When my son was almost 2 he had to go live with my mom for awhile because I couldn't financially care for him. Ironically, not even a week later my ex-husband and I found out I was pregnant with number 2. After 6 months of my son being gone, I returned to go get him. by the time I was 8 months pregnant, we were all moving to my mom's. Within a month of moving, his sister was born. At that point, my son was still your typical boy...he started walking the week before he turned one and had been running around ever since. Now, we are onto joey's 3rd year. His sister was sick all the time, in and out of the hospital until she was about 4. So, for 3 years I gave his sister, not trying to, more attention than him, and while all that was going on, their father and I were divorcing and I was living on my own. I remember when he was that old, I couldn't keep him still. Now when he got mad or upset it was severely mad and upset. He would throw things across his room, or he would bang his head up against the wall or try to hurt people. I remember having to hold him for what seemed like hours to get him to stop. I also remember him climbing all over the place, he would hide in cabinets, and climb up on the counter tops, and he would even climb in and out off his crib when he had first learned to walk.
Okay, so now you have the basic background, on to the HX of medical conditions...
At 5 yrs old, he was put on ADERRALL XR for a total of 3 years, slowly increasing the dosage, until he would throw such severe tantrums that his medication was changed completely and refer to a psychiatrist started.
Each psychiatrist we had gone to made us go through an intake appointment, and then once we got to the psychiatrist, it was an automatic ADHD with a 3 minute appointment to write the prescription after asking a few routine questions. Although we did have one who said that he has OCD and Mood Disorders in addition to the ADHD, but has never been treated for any of that.
So we started to just get his medication filled by his PCP.
After we received a letter recently from his insurance company stating his psychiatrist was out-of-network we called and made an appointment with a new one. His appointment is coming up on Monday. After doing research on all of his problems, he seems to me to have Asperger's syndrome instead of all these other diagnosis.
He has Tantrums
He Runs around like crazy when I can get him outside....Going outside is a whole other issue
He is severely afraid of bugs,
and when he gets on a subject that he enjoys, it's constant trying to learn everything about it.
He thinks that even though people are mean to him, they are still his friend, or one day his friends with someone and the next he's not.
and, I love him to death, but he will stand there and talk to you while he has one leg wrapped around the other.
A few months ago he even started stuttering, when his medication was increased to high. Needless to say, he was switched again. He is now on Concerta 18MG and Risperidone 0.25mg which are very low doses and so I am just now noticing all the things he does. He was so overly medicated on all the other medications he was tried on that we didn't notice many behavioral differences.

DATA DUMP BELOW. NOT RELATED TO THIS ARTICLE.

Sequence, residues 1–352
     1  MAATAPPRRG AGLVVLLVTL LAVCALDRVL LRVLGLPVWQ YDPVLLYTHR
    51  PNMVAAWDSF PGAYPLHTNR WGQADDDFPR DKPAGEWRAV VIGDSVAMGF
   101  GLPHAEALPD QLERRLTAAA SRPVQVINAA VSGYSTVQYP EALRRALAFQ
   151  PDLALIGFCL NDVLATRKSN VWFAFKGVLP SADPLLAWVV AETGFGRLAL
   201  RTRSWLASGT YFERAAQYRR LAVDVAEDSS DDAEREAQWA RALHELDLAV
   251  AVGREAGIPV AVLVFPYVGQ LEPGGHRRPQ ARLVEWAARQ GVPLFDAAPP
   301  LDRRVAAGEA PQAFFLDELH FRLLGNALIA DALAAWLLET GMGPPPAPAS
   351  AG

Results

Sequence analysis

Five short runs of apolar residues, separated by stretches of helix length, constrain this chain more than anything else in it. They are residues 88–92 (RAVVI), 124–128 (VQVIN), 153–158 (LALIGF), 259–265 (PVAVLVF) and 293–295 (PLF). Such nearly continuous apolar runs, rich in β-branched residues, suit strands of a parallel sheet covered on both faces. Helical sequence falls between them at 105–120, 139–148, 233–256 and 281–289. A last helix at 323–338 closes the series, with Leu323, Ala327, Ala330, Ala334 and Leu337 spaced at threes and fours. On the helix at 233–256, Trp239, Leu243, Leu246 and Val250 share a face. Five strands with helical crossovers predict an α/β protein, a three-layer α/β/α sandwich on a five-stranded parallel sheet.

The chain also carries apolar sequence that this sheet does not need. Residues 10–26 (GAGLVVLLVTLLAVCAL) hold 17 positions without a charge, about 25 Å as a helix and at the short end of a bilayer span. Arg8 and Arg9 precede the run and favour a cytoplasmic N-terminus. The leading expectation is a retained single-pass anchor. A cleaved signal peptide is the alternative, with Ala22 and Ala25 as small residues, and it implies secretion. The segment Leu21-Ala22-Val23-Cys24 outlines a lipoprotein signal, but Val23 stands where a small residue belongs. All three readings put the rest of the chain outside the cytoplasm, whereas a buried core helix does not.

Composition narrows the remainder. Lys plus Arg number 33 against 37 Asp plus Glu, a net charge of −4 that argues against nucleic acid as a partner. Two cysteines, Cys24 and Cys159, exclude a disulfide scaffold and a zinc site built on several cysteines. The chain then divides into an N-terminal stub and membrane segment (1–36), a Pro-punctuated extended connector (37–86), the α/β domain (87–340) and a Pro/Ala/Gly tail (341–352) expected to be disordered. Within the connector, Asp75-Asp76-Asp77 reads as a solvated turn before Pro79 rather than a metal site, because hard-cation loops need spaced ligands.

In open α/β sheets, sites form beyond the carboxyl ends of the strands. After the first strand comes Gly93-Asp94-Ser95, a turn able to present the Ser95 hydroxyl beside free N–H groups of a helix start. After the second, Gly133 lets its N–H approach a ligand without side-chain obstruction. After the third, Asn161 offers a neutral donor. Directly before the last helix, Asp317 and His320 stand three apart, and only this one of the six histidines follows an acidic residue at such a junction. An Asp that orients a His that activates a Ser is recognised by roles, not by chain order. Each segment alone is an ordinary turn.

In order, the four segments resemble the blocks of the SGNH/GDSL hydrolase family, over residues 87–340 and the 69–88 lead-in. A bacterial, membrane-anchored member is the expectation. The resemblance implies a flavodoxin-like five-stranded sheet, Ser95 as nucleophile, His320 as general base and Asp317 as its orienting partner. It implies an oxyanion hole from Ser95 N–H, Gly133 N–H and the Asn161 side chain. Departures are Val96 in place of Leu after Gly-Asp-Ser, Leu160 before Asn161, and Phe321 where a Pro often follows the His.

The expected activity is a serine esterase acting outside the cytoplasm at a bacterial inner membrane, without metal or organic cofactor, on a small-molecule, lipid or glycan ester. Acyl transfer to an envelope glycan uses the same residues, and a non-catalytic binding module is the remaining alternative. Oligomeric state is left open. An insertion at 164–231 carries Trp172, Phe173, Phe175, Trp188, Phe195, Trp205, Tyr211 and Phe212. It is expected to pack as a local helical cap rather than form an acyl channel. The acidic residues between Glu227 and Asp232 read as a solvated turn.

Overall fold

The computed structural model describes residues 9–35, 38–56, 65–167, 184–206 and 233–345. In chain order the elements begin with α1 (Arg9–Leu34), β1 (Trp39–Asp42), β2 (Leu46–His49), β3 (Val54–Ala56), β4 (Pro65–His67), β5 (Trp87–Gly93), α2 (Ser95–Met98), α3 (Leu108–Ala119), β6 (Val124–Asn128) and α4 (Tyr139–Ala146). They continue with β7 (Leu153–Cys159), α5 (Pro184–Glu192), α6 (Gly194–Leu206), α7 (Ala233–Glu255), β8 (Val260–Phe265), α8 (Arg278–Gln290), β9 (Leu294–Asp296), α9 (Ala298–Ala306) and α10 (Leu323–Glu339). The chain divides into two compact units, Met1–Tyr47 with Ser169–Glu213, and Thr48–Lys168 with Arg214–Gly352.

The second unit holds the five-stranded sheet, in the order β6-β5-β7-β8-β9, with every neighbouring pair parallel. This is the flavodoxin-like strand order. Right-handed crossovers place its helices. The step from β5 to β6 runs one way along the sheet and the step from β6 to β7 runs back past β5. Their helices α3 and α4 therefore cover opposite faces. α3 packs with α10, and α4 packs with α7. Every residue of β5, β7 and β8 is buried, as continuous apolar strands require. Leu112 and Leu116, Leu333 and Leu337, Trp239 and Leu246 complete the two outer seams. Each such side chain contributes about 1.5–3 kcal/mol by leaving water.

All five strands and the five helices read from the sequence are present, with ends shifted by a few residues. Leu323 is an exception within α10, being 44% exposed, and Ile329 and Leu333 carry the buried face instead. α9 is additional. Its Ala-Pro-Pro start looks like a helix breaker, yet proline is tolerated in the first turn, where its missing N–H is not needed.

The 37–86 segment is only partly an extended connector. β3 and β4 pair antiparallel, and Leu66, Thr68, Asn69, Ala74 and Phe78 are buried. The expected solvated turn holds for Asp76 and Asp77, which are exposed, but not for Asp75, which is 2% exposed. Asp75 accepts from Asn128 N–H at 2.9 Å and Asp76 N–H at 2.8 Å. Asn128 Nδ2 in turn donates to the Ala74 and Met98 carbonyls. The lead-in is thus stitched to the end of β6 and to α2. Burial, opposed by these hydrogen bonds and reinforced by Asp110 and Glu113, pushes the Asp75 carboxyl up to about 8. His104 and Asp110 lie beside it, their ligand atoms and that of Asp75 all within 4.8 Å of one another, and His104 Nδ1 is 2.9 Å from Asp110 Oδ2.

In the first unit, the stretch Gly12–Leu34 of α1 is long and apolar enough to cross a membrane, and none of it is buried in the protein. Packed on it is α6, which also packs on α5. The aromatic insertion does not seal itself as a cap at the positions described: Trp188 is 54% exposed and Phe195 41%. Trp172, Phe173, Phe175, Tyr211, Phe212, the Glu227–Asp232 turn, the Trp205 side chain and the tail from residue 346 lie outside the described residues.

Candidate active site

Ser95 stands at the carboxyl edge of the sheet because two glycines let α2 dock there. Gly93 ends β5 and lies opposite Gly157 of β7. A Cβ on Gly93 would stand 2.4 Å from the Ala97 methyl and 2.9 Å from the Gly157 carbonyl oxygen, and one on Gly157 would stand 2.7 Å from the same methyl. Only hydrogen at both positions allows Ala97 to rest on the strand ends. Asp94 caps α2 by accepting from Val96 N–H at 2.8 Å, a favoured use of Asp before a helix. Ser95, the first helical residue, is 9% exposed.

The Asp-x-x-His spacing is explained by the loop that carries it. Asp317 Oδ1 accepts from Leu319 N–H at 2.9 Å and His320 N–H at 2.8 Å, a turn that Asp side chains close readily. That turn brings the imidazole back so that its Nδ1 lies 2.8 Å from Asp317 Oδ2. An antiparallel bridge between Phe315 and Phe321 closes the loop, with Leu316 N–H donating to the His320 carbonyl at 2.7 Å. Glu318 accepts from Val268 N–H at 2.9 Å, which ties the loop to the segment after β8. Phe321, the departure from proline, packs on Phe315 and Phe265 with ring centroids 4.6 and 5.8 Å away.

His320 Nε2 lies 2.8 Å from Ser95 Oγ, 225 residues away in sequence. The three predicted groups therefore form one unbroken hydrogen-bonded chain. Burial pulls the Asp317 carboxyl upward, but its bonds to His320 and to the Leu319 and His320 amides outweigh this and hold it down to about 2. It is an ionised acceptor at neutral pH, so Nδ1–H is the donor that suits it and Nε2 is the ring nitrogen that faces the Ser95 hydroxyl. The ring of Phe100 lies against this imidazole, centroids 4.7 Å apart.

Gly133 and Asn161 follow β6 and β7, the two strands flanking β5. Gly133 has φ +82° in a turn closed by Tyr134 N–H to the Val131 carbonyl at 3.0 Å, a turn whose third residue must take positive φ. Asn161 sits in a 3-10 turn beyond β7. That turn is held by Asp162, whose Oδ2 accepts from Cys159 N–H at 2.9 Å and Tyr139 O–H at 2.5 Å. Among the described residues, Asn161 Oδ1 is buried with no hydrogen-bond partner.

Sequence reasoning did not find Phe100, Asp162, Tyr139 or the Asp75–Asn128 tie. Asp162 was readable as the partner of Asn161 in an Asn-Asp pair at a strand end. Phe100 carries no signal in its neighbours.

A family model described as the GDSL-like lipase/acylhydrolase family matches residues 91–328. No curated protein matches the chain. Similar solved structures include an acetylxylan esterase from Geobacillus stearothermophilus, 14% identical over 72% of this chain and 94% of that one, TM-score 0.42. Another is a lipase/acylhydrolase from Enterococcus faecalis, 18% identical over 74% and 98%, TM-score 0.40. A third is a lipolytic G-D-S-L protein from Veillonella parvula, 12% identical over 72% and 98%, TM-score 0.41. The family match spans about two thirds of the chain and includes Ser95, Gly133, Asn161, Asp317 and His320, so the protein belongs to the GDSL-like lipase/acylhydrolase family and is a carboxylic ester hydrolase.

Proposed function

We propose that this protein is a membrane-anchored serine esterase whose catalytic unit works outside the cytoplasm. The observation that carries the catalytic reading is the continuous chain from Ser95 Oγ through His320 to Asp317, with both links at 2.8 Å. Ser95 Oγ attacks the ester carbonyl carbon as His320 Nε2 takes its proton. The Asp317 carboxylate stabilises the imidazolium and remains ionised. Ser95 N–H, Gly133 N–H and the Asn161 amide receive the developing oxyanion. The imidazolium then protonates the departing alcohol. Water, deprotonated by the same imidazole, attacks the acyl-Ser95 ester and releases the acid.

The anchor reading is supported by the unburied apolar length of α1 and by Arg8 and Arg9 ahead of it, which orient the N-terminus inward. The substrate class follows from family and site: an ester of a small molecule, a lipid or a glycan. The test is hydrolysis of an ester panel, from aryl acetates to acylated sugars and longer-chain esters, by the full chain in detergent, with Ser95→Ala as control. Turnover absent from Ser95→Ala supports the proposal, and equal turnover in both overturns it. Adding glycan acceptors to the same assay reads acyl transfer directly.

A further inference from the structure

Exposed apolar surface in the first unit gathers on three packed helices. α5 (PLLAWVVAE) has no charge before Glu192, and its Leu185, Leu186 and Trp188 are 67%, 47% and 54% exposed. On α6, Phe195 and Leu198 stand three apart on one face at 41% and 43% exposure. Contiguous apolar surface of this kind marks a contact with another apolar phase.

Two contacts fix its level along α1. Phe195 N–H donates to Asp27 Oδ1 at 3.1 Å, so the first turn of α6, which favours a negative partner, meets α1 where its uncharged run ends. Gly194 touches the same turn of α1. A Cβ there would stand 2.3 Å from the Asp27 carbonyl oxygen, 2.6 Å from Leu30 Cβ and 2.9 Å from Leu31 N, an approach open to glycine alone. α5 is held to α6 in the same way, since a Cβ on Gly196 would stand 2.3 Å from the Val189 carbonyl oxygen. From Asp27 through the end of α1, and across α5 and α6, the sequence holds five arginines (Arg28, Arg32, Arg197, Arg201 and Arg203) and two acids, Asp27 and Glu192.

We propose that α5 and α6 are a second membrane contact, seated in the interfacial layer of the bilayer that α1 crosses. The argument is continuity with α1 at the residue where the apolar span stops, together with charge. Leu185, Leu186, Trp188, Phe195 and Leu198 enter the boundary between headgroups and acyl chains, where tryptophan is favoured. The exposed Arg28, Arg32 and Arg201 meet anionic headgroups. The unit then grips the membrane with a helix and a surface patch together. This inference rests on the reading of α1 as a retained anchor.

He does not perform well in the public school setting and after repeated attempts to get help from the school, we have given up on them. We would constantly go to the school and request help. We were told, oh he just has ADHD and we have no services for that, most kids have ADHD now a days. When we brought documentation from his psychiatrist showing all of his other problems, we were told, oh he performs average with the rest of his class. That his B's and C's and barely passing the FCAT are fine with them. The problem is, and I know most parents say it, but it's so true with my son, that he is better than those grades. I see him at home constructing robots and sculptures out of an erector set, and drawing blue prints for a car he wants Nissan to make. He can watch how to draw a character or how to fold Origami and be able to do it in no time. For ten years old, we believe that he is very intelligent, but when even asked if they could perform and IQ test, he was never given one.
I apologize for rambling on, but I really want to know if you all think I am crazy for thinking he has Asperger's Syndrome or if you all think it really is something I should pursue with the new psychiatrist.
Crisanne - posted on 04/19/2009
my son as aspergers and i didn't find out tell he was 8 years old when i took him in for a screening and a bunch of testing and thats what they found out.but the first signs are not being able to sit still and focus on any one thing for a every long time. also routine they have to have things in their way if you change anything with out letting them know it will throw them off same thing all the time at the same time always tell the kids whats going to change ahead of time so the day goes smoothly i know i have had so many melt downs over the years and now my son is 14. I hope this will help
Yolanda - posted on 04/19/2009